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A mathematical model of bone remodeling dynamics for normal bone cell populations and myeloma bone disease

Bruce P Ayati1*, Claire M Edwards2, Glenn F Webb3 and John P Wikswo45

Author Affiliations

1 Department of Mathematics, University of Iowa, Iowa City, IA 52242, USA

2 Vanderbilt Center for Bone Biology, Department of Cancer Biology, Vanderbilt University Medical Center, Nashville, TN 37232, USA

3 Department of Mathematics, Vanderbilt University, Nashville, TN, 37235, USA

4 Departments of Biomedical Engineering, Molecular Physiology and Biophysics, and Physics and Astronomy, Vanderbilt University, Nashville, TN 37235, USA

5 Vanderbilt Institute for Integrative Biosystems Research and Education, 6809 Stevenson Center, VU Station B 351807 | Nashville, TN 37235-180

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Biology Direct 2010, 5:28  doi:10.1186/1745-6150-5-28

Published: 20 April 2010



Multiple myeloma is a hematologic malignancy associated with the development of a destructive osteolytic bone disease.


Mathematical models are developed for normal bone remodeling and for the dysregulated bone remodeling that occurs in myeloma bone disease. The models examine the critical signaling between osteoclasts (bone resorption) and osteoblasts (bone formation). The interactions of osteoclasts and osteoblasts are modeled as a system of differential equations for these cell populations, which exhibit stable oscillations in the normal case and unstable oscillations in the myeloma case. In the case of untreated myeloma, osteoclasts increase and osteoblasts decrease, with net bone loss as the tumor grows. The therapeutic effects of targeting both myeloma cells and cells of the bone marrow microenvironment on these dynamics are examined.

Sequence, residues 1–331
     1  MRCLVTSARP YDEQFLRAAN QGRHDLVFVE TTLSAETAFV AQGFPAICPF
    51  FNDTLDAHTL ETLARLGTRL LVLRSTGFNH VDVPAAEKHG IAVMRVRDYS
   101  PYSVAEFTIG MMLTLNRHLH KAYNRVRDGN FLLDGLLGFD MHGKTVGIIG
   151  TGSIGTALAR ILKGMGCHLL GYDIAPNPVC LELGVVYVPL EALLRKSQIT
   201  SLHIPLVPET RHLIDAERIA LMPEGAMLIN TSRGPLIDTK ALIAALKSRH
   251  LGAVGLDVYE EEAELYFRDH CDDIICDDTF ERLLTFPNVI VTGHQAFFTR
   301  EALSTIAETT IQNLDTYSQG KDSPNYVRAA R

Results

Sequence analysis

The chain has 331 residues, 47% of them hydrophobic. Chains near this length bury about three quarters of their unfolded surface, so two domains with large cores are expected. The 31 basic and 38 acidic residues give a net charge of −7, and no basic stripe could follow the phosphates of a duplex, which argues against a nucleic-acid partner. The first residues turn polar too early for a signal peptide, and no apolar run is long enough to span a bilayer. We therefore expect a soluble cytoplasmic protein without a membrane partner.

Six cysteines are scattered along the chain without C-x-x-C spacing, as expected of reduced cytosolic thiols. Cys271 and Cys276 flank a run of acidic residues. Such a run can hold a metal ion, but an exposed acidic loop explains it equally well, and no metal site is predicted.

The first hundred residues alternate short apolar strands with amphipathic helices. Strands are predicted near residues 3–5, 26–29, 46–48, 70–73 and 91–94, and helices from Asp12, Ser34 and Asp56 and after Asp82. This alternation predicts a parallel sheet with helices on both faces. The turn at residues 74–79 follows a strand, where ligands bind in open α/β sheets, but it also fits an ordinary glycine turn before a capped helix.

The current model accurately reflects myeloma bone disease and illustrates how treatment approaches may be investigated using such computational approaches.


This article was reviewed by Ariosto Silva and Mark P. Little.